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This article was published on June 14, 2017


Study: Students will trade their friends’ privacy for free pizza

Study: Students will trade their friends’ privacy for free pizza
Carissa Lintao
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Carissa Lintao

Writer

Carissa is a writer based in New York. When she's not writing about apps, marketing, or tech, you can probably catch her eating ice cream. Carissa is a writer based in New York. When she's not writing about apps, marketing, or tech, you can probably catch her eating ice cream.

Want to hack your way into someone’s network? Just offer their BFF some free pizza.

98-percent of students gave away their friends’ emails when promised free pizza, according to a recent study conducted by Massachusetts Institute of Technology.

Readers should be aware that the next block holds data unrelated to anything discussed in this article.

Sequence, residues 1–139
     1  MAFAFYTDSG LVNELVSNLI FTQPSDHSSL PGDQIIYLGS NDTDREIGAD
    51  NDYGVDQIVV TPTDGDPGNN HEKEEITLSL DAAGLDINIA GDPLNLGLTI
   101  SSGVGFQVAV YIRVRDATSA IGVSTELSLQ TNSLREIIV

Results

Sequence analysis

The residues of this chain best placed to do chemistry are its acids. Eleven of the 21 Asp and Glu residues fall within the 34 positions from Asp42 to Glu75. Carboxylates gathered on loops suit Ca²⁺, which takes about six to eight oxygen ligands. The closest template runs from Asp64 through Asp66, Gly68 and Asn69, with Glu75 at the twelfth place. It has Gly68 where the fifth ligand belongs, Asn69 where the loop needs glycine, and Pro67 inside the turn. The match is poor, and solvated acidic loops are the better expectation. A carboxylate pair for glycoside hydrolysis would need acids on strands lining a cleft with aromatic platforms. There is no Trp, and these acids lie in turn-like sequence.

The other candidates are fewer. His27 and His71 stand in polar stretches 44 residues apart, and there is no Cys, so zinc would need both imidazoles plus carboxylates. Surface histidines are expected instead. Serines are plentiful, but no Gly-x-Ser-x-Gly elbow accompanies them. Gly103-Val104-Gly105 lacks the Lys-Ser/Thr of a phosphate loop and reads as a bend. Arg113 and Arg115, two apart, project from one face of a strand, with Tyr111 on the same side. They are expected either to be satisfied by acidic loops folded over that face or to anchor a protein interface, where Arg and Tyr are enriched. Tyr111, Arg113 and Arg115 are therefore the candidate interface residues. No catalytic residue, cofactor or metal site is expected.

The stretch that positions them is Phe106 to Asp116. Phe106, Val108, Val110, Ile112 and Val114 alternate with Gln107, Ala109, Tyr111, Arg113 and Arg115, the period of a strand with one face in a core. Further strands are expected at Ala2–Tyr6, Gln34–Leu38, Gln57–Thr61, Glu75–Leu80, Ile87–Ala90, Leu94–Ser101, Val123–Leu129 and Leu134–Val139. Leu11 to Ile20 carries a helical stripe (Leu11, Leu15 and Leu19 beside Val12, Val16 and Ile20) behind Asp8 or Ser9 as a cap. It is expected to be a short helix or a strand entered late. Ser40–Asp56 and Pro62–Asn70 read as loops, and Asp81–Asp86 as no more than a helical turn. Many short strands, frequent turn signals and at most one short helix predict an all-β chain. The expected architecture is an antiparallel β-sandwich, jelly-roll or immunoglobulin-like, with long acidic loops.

74-percent of Americans have stated that it’s “very important” to them that they be in control of who can obtain their information. But throw a stuffed crust in the equation, and people will start dropping information. (Thank god they didn’t test social security numbers ー that would’ve been embarrassing)

The study’s authors noted:

“Whereas people say they care about privacy, they are willing to relinquish private data quite easily when incentivized to do so.”

The results have clearly shown that people exaggerate how much they care about privacy, but pizza as an incentive? Actually I take that back ー as long the pizza didn’t have pineapples on it, I get it.

You’re probably thinking, “This is insane! Kids are out of control!” which is fair, but remember the time you gave up your email address to that random Chinese bootleg site to watch “Captain America”? Excellent movies count too.

Privacy is important, but pizza is a priority.